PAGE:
Almost every web site begins life as a specially formatted text file. Initially, the web consisted of static HTML files usually create in text editors. Soon the rise of the WYSIWYG (what you see is what you get) web editors to sought to hide this code and present an editor more like Word or other popular word processors. This would allow the creation of web pages without the need of learning HTML.
What is Lucid?
The program works by letting you create workflows consisting of actions and bindings. Actions perform an activity normally to or with an object on the web page, while bindings attach actions to objects on the web page. You create the workflows by dragging and dropping actions and bindings onto the page and then linking them together.
Lucid includes an introductory tutorial in the help and the web site contains two video demonstrating use of the program. These three resources will help you get a better grasp on the program and its abilities. You can use any HTML page in Lucid, but only static HTML pages are supported. You begin by either creating a blank project or import an existing web site as a project. You then let Lucid add the standard jQuery and jQuery UI libraries along with their custom library libraries to the site if not already included them.
Next, you can create workflows in Lucid. For each workflow, you first create a binding. A binding is a combination of an object on a web page and an event on that object. The event will normally be an action by the viewer such as clicking an element of the page, moving the mouse over an item on the page, or pressing a key. To each binding you can then link a sequence of one or more actions. Each action will perform an activity. The activity may be an animation, a call to another web page, starting a timer, or other common dynamic functions. In many cases the action will have an effect on an element on the web page, but not usually the same as the one connected to the binding.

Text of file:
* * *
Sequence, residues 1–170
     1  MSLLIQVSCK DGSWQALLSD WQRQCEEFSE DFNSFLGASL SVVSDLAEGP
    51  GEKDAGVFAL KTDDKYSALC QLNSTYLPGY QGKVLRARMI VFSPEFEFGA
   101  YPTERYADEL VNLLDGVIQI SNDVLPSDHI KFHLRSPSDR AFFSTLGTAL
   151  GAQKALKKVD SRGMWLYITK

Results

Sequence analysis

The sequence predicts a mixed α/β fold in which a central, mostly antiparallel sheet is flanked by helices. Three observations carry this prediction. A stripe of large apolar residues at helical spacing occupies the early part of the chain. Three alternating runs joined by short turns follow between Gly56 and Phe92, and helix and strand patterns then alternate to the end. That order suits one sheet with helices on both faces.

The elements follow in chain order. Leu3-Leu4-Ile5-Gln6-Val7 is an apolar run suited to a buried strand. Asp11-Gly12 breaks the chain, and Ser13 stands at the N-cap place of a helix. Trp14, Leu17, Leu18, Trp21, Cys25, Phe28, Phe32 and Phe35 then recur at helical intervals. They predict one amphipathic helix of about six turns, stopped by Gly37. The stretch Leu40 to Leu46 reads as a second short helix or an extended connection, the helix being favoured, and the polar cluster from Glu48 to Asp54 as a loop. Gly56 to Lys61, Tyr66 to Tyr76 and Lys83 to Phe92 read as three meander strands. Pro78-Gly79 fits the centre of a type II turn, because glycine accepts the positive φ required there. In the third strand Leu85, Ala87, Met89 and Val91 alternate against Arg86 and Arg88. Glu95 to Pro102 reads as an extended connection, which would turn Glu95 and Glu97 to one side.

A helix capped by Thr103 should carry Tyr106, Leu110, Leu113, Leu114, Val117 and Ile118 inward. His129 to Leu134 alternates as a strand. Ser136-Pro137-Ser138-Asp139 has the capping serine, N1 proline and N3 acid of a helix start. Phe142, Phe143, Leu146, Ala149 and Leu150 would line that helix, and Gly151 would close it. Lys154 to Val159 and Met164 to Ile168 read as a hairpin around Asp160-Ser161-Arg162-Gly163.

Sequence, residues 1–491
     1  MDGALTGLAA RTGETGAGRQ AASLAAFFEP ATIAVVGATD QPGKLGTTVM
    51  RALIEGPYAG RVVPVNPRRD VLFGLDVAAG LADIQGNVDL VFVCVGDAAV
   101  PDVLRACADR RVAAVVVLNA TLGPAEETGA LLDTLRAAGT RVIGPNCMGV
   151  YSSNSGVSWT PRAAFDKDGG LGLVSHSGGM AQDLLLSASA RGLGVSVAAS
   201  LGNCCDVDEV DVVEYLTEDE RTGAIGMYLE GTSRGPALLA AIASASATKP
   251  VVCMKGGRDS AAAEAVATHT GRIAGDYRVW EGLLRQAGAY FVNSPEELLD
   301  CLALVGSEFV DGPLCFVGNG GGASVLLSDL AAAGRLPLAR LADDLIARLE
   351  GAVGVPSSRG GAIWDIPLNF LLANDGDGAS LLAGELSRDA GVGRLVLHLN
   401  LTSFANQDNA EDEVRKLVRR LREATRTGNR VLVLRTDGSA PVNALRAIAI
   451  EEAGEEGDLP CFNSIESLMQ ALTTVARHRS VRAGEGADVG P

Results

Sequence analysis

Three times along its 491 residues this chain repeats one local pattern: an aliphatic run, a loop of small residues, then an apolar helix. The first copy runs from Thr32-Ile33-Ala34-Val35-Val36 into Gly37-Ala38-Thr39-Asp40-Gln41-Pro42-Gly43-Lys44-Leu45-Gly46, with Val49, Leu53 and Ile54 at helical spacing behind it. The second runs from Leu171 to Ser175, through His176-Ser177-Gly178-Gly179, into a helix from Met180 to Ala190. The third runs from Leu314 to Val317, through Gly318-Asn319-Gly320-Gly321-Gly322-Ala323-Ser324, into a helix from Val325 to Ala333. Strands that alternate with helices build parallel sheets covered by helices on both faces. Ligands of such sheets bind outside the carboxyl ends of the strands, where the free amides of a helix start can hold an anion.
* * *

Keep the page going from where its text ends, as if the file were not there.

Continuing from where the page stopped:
As an example imagine that you have a blue square on a web page. When that square is clicked you want it to fade away over a second and a half period. The binding would be the click on the blue square. The action would be an fade animation bound to the square that will slide it down the screen.
Graphically, the window in Lucid will show these connection by drawing lines from the event to the action and from the event to its bound element and from the action to its bound element. The right side of the window shows a visual representation of the static web page you are working with. You cannot edit the page in this window, but use it to connect actions and bindings to objects on the page. Lucid also includes a Preview mode that allows you to use this window to test your page.
On the left you see your workflow for the page. At the top of the workflow your bindings are displayed. Below this your actions will be displayed. Lucid displays the relationships between bindings, actions, and elements on the web page using arrows and lines. For a complex workflow this display can get crowded quickly and Lucid allows you to temporarily hide parts of the workflow for clarity.
How Does Lucid Do?